Sorry for the cheesy title. I have this stuck in my head today.
It wasn’t until much later in life that I learned my early taste in NES games is actually pretty crappy by most gamers’ standards. A lot of the old NES games I enjoyed and once counted among my favorite titles aren’t very well-known, well-received, or popular.
One such game is Dr. Chaos.
But let’s forget, for a moment, that it’s a shitty game and focus instead on this sweet box art. This has to be one of the most gruesome Nintendo game covers ever:
I mean, the dude is kneeling in a pool of blood while a winged skeletal creature looms over him with massive, bony claws. It’s the reason I wanted to play the game in the first place. There was this boy Jeff who lived down the street from me and had way more Nintendo games than I did because his dad was loaded—so naturally I hung out at his house all the time. He hated this game but I used to go over there and demand he let me play it. I was bigger than him. I could have kicked his ass.
Anyway, so yeah—Dr. Chaos. What a weird little game. Check out the description on the back of the box:
To this day I don’t know what “thriller graphics” means, but they’re not nearly as bitchin’ as they sound. And sadly, they have nothing to do with Michael Jackson.
As you can guess from the title screen below, Dr. Chaos is a haunted house game.
That right there is reason enough for me to like it as much as I do. I’ve had a love for haunted house-themed video games ever since Atari’s rather unimaginatively named Haunted House. Give me more games like Maniac Mansion and Alone in the Dark please.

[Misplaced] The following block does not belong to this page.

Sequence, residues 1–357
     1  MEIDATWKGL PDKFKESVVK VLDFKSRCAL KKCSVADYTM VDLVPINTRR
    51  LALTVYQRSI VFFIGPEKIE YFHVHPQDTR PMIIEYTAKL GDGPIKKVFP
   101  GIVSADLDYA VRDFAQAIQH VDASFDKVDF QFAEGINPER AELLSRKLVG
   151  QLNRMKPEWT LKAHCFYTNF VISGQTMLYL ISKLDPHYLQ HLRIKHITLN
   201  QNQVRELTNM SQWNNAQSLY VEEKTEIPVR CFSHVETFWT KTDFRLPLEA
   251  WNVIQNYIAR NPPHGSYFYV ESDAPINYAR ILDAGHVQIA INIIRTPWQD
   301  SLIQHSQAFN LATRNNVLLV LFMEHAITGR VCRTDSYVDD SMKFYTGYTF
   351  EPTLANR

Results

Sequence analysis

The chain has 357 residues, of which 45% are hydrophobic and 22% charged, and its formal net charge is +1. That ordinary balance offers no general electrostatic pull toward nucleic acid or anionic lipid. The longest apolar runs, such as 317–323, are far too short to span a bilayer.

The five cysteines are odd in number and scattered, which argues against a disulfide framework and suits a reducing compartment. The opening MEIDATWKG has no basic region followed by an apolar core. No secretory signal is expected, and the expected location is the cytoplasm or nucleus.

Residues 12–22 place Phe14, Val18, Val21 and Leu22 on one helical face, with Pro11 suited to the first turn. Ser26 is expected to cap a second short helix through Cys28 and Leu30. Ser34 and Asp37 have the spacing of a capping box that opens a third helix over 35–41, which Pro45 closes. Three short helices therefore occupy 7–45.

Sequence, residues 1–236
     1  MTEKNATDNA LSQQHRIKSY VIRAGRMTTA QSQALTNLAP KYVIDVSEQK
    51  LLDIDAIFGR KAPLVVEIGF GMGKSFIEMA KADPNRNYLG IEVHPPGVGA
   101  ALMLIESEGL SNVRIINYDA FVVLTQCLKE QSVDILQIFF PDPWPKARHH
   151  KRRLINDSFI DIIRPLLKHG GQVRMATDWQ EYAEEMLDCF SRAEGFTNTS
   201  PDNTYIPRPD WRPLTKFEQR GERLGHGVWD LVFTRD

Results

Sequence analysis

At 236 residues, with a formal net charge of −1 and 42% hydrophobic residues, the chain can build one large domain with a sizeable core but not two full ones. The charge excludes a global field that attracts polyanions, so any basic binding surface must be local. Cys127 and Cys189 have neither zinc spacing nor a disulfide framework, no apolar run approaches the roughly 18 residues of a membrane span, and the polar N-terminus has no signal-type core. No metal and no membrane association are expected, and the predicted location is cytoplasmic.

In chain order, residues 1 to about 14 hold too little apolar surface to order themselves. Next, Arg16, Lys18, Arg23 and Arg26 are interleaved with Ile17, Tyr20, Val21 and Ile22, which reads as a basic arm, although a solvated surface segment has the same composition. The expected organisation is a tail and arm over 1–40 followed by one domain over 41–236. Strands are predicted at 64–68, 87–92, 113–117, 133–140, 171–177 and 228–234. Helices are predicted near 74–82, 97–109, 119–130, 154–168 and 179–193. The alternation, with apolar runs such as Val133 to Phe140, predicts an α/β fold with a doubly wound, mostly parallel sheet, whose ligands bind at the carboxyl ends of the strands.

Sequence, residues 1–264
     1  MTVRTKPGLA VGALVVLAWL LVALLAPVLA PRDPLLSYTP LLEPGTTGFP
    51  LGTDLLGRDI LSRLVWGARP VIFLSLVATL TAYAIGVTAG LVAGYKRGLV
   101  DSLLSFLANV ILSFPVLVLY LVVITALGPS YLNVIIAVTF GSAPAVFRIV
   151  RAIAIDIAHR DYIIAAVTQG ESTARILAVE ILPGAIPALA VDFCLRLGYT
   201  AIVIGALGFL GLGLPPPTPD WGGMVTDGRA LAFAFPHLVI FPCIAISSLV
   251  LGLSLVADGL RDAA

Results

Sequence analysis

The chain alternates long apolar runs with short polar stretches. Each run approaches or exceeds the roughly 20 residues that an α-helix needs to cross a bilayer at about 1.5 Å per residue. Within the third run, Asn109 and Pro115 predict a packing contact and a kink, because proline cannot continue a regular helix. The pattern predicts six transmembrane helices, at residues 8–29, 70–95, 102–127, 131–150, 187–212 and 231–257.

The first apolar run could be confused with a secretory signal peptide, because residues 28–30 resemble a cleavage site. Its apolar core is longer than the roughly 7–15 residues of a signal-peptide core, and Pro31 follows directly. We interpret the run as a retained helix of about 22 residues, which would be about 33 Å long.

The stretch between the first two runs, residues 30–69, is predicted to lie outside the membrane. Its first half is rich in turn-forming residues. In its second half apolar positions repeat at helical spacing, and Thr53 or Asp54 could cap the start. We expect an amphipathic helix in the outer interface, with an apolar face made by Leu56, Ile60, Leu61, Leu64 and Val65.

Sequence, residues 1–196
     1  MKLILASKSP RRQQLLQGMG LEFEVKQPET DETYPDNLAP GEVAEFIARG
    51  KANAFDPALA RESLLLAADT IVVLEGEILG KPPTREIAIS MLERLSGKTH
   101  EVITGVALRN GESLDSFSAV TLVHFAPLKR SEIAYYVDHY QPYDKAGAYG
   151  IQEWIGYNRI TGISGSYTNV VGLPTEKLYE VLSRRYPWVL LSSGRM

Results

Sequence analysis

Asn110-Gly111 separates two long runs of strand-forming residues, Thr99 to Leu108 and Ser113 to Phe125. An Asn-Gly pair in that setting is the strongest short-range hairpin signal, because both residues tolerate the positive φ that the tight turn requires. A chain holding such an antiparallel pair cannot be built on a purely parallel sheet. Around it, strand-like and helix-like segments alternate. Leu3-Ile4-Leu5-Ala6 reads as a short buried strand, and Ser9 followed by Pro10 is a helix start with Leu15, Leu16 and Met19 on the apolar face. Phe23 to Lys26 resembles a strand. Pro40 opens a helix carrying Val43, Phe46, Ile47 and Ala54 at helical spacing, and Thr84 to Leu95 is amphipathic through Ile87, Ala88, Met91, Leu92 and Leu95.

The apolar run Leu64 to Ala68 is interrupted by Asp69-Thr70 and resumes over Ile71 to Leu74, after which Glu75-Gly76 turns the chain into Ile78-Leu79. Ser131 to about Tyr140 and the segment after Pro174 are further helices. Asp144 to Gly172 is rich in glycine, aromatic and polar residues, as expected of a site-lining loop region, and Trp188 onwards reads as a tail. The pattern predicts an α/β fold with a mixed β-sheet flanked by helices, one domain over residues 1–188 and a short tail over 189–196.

Dr. Chaos’s gameplay is an odd mix of side-scrolling platforming and first-person room exploration. You start off in platform mode as you make your way through the house’s halls, fighting monsters and using weapons. But then there’s rooms you need to enter, which is where the game switches over to first-person exploration mode and the interface changes to resemble a point-and-click adventure game.
Once inside the rooms, you have to open doors, look inside cabinets, and hit walls to find these dimensional portals that warp you to the bosses. You’re trying to collect pieces of an interdimensional Warpgate that Dr. Chaos–who happens to be your idiot older brother–invented. Here’s a little bit of pointless but hilarious backstory from the pages of Dr. Chaos’s diary, taken from the game’s manual:
“I made a great mistake. I overlooked the effect of warp zones on living organisms. It was too late when I realized this. The living things in the warp zone had grown so big that they began to take over my house. The warp zone can swallow you up at any time. Open one of the doors to the warp zone and you will be attacked by these monsters. I have been trying to invent machines to stop the monsters but I am not sure if I still have time. My brother Michael, if you happen to read this diary, you are the only one who can stop the situation!”
I don’t suppose it ever occurred to Dr. Chaos to just move out?
Oh well. The game had some pretty cool music and a sweet title screen, which you can check out in this play-through video by CornshaqGaming: